Fresh water consumption for world energy production is projected to double within the next 25 years
30 January, 2013
Marianne Lavelle and Thomas K. Grose of National Geographic
"The amount of fresh water consumed for world energy production is on track to double within the next 25 years, the International Energy Agency (IEA) projects.
And even though fracking—high-pressure hydraulic fracturing of underground rock formations for natural gas and oil—might grab headlines, IEA sees its future impact as relatively small.
By far the largest strain on future water resources from the energy system, according to IEA's forecast, would be due to two lesser noted, but profound trends in the energy world: soaring coal-fired electricity, and the ramping up of biofuel production."
At the same time energy demand is strongly increasing. China for example burns nearly as much coal as all other nations combined, including coal shipped from the U.S.. (http://www.scientificamerican.com/article.cfm?id=chinas-soaring-coal-consumption-poses-climate-challenge)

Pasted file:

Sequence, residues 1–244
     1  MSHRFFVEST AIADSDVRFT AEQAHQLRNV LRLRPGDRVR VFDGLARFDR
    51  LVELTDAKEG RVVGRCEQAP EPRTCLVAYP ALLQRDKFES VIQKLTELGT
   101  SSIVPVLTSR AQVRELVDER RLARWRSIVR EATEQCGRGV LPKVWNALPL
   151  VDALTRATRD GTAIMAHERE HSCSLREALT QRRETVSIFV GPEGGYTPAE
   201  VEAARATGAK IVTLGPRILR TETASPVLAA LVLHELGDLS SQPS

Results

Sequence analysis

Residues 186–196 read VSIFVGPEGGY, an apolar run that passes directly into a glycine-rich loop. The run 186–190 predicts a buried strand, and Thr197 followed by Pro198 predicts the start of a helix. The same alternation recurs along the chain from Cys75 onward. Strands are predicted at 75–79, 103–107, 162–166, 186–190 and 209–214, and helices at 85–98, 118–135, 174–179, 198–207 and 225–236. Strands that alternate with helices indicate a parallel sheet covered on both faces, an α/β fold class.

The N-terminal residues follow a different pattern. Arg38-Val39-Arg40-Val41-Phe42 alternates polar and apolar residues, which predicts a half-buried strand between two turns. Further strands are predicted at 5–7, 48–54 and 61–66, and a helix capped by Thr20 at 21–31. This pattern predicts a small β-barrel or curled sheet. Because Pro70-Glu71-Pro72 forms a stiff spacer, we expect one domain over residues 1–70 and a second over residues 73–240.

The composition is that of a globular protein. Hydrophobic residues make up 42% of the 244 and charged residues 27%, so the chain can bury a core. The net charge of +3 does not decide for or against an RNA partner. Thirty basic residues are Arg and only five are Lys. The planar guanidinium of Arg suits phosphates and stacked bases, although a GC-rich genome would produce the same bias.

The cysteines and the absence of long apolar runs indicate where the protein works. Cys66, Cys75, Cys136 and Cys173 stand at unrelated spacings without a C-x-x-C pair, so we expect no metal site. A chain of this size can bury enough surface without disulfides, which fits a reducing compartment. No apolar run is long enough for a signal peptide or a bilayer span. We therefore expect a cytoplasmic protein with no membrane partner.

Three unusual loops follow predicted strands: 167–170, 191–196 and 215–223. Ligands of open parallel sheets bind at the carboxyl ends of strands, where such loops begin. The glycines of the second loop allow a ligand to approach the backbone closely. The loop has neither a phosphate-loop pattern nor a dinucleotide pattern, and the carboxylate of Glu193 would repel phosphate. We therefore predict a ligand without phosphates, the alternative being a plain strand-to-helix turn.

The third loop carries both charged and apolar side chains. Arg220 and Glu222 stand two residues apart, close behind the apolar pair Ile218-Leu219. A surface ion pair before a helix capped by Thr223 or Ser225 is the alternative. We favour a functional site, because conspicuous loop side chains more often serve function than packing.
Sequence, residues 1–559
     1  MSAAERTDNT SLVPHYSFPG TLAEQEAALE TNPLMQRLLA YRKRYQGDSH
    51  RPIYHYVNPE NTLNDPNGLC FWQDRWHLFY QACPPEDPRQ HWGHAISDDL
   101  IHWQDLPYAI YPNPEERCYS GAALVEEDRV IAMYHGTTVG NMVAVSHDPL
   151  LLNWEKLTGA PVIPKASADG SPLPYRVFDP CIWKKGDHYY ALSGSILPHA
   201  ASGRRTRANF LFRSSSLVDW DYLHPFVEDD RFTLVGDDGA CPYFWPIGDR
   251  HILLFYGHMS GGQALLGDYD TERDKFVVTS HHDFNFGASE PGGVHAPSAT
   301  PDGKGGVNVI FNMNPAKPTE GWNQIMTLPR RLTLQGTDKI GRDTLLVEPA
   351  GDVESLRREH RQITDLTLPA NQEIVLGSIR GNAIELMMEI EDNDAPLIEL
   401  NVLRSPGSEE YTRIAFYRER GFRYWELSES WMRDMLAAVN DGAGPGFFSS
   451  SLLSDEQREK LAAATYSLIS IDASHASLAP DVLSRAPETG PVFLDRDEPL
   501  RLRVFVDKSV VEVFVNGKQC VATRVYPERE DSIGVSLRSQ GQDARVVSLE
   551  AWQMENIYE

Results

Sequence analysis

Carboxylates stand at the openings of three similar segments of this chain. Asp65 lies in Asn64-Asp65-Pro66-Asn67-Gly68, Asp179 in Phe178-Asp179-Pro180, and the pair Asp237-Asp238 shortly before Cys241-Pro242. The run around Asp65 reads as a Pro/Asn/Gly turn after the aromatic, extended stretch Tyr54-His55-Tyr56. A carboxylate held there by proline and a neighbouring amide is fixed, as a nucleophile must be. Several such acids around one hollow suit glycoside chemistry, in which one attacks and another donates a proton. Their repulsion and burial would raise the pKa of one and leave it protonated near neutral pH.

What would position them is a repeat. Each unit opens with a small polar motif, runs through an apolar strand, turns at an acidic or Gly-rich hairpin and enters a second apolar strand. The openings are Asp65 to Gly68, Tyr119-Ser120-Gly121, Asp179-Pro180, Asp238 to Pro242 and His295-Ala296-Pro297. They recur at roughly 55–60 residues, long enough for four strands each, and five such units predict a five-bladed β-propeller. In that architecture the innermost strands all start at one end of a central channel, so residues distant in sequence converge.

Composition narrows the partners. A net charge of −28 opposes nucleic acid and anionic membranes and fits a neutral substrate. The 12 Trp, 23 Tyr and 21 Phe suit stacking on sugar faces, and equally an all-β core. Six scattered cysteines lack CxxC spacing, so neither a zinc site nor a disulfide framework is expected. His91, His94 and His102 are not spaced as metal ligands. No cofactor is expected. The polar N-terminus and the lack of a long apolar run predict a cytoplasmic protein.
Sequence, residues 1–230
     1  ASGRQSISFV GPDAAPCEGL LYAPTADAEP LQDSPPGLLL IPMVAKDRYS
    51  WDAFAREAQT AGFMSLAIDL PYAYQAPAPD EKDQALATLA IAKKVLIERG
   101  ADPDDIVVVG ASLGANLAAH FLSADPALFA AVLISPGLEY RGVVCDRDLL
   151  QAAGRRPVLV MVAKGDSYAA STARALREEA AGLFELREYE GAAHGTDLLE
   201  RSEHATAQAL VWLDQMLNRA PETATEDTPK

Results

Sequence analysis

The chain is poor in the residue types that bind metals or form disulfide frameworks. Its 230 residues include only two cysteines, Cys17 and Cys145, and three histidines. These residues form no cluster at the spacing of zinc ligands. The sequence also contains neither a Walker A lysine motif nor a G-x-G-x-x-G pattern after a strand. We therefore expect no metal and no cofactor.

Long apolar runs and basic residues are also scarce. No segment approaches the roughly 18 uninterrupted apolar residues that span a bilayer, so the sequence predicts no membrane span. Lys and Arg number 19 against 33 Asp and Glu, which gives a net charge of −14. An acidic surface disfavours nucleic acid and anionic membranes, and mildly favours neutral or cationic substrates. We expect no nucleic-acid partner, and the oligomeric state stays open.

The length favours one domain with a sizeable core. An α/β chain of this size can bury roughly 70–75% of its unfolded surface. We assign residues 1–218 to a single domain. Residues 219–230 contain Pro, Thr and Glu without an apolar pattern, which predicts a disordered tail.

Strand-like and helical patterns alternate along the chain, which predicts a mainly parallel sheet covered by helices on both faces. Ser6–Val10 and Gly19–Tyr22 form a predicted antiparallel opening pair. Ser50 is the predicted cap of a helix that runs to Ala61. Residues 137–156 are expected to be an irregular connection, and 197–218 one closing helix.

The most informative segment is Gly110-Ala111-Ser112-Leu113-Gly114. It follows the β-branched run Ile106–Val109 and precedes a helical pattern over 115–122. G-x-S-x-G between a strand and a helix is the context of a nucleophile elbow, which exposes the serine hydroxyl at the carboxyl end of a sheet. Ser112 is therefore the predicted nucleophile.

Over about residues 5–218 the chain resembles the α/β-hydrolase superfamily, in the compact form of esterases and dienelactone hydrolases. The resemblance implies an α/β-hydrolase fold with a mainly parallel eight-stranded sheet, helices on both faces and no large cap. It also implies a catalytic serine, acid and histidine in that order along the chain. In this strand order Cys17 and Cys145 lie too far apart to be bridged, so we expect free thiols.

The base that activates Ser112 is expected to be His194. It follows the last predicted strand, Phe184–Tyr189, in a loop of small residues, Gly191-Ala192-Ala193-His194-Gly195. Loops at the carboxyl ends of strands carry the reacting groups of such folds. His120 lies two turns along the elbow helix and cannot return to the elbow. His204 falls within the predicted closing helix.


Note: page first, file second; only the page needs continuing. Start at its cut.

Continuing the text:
Also, certain types of bioenergy have a large water footprint. This is a study that can be used to select the crops and countries that produce bioenergy in the most water-efficient way:
Gerbens-Leenes, W., Hoekstra, A.Y. and Van der Meer, T.H. (2009) The water footprint of bioenergy, Proceedings of the National Academy of Sciences, 106 (25): 10219-10223
Which sustainable options/strategies/solutions are available?